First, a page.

Part of what makes a spinal cord injury so debilitating and expensive is that the consequences are often permanent. Someone who suffers a complete spinal cord injury in a car crash will typically experience a permanent loss of motor function and physical sensation below the site of their injury.
They will require medical treatment to reduce their symptoms and ensure their ongoing health, but they will often have lifelong limitations on what work they can do and their independent living options.
Is some medical recovery possible after a spinal cord injury?
Certain scenarios lead to better outcomes than others
The average spinal cord injury will lead to permanent medical consequences for the patient affected, but not every injury is as severe as the next. The placement of the injury on the spine and also the extent of the damage to the spinal cord will determine someone’s prognosis.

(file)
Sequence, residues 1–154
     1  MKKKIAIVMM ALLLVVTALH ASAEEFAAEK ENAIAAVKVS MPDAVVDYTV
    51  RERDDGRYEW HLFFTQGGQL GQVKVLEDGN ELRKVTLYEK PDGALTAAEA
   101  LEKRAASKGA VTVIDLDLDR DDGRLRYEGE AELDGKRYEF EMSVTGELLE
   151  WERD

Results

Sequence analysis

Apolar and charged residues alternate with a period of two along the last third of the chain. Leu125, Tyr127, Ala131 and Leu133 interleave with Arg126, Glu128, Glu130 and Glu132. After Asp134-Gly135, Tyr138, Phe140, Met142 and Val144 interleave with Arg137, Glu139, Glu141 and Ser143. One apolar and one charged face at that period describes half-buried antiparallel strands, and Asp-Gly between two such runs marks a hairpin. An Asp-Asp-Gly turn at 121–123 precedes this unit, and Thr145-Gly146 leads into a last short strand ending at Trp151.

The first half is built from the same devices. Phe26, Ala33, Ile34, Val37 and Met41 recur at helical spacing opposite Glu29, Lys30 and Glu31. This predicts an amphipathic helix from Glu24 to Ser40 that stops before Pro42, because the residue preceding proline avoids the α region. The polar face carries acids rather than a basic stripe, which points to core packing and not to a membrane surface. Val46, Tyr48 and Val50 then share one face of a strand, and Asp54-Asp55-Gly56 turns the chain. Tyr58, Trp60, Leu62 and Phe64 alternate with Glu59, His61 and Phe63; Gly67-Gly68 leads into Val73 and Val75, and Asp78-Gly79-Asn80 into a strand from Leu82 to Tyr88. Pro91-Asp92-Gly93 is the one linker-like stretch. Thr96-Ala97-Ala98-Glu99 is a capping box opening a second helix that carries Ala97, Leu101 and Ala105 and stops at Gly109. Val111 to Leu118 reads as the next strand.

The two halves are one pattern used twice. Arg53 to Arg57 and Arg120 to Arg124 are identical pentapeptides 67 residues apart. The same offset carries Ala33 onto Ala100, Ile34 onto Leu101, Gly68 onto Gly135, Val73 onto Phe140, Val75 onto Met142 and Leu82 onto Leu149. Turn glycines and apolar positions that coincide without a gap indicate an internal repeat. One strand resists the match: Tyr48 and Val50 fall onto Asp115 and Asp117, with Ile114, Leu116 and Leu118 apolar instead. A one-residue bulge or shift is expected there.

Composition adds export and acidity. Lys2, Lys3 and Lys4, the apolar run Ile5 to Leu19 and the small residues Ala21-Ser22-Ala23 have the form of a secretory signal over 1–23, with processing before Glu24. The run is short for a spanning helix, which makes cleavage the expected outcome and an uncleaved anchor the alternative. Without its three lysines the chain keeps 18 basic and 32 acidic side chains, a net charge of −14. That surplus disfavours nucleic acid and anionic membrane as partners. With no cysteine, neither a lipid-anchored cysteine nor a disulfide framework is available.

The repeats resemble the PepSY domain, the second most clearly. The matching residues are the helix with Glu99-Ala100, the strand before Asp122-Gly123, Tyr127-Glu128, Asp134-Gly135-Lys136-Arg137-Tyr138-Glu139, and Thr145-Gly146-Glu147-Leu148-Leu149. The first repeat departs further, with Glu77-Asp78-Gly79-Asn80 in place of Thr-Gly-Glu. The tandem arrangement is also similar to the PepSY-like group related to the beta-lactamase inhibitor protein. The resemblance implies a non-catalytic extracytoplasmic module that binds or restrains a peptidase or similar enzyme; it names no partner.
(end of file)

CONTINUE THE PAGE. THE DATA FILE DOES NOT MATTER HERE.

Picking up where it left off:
Some people have incomplete spinal cord injuries. The physical trauma they experienced may have pinched or partially cut their spinal cord but did not sever the connection between their spine and lower body. Therefore, with trauma care and rehabilitative support, they may increase some of their functionality and decrease the limits on their daily lives.
Although there have been some impressive breakthroughs in the care available for complete spinal cord injuries, the most exciting advances are years from becoming widely available. For the most part, only those with incomplete injuries can expect a reduction in their symptoms after an injury to their spinal cord.
Learning more about the lasting consequences of a catastrophic injury can help someone pursue the right path forward. Experienced legal guidance can help victims of these devastating injuries obtain the compensation they need for their families and their future.